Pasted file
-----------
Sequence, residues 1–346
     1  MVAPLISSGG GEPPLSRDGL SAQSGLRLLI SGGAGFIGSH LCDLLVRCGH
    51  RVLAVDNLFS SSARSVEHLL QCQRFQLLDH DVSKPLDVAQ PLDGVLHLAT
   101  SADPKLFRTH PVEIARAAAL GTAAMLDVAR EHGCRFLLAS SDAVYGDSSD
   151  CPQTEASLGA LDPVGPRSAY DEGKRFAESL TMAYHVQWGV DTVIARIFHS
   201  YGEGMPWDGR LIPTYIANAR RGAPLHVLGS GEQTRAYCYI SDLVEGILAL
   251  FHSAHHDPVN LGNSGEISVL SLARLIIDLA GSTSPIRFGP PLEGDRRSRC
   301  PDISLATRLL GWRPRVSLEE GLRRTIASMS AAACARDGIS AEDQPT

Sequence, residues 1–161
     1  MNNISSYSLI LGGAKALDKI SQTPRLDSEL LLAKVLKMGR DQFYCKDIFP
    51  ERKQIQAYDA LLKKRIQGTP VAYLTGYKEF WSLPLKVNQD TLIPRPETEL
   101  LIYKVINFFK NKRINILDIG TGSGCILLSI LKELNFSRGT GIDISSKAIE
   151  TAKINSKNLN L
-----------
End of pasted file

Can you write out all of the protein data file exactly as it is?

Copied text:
Sequence, residues 1–346
     1  MVAPLISSGG GEPPLSRDGL SAQSGLRLLI SGGAGFIGSH LCDLLVRCGH
    51  RVLAVDNLFS SSARSVEHLL QCQRFQLLDH DVSKPLDVAQ PLDGVLHLAT
   101  SADPKLFRTH PVEIARAAAL GTAAMLDVAR EHGCRFLLAS SDAVYGDSSD
   151  CPQTEASLGA LDPVGPRSAY DEGKRFAESL TMAYHVQWGV DTVIARIFHS
   201  YGEGMPWDGR LIPTYIANAR RGAPLHVLGS GEQTRAYCYI SDLVEGILAL
   251  FHSAHHDPVN LGNSGEISVL SLARLIIDLA GSTSPIRFGP PLEGDRRSRC
   301  PDISLATRLL GWRPRVSLEE GLRRTIASMS AAACARDGIS AEDQPT

Sequence, residues 1–161
     1  MNNISSYSLI LGGAKALDKI SQTPRLDSEL LLAKVLKMGR DQFYCKDIFP
    51  ERKQIQAYDA LLKKRIQGTP VAYLTGYKEF WSLPLKVNQD TLIPRPETEL
   101  LIYKVINFFK NKRINILDIG TGSGCILLSI LKELNFSRGT GIDISSKAIE
   151  TAKINSKNLN L